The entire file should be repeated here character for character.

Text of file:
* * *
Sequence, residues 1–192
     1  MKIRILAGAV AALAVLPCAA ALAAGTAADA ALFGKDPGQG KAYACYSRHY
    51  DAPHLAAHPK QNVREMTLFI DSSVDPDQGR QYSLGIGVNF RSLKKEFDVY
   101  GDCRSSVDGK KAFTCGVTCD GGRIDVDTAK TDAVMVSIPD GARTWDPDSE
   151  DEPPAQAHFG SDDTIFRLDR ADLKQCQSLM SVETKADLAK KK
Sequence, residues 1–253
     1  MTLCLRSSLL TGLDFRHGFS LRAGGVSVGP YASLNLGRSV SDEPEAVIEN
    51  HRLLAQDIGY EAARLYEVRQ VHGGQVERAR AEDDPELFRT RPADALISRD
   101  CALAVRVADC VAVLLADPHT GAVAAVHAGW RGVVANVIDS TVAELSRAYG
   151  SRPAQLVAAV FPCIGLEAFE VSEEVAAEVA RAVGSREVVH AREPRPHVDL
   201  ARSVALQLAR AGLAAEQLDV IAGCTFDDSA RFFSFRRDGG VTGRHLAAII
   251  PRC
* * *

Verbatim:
Sequence, residues 1–192
     1  MKIRILAGAV AALAVLPCAA ALAAGTAADA ALFGKDPGQG KAYACYSRHY
    51  DAPHLAAHPK QNVREMTLFI DSSVDPDQGR QYSLGIGVNF RSLKKEFDVY
   101  GDCRSSVDGK KAFTCGVTCD GGRIDVDTAK TDAVMVSIPD GARTWDPDSE
   151  DEPPAQAHFG SDDTIFRLDR ADLKQCQSLM SVETKADLAK KK
Sequence, residues 1–253
     1  MTLCLRSSLL TGLDFRHGFS LRAGGVSVGP YASLNLGRSV SDEPEAVIEN
    51  HRLLAQDIGY EAARLYEVRQ VHGGQVERAR AEDDPELFRT RPADALISRD
   101  CALAVRVADC VAVLLADPHT GAVAAVHAGW RGVVANVIDS TVAELSRAYG
   151  SRPAQLVAAV FPCIGLEAFE VSEEVAAEVA RAVGSREVVH AREPRPHVDL
   201  ARSVALQLAR AGLAAEQLDV IAGCTFDDSA RFFSFRRDGG VTGRHLAAII
   251  PRC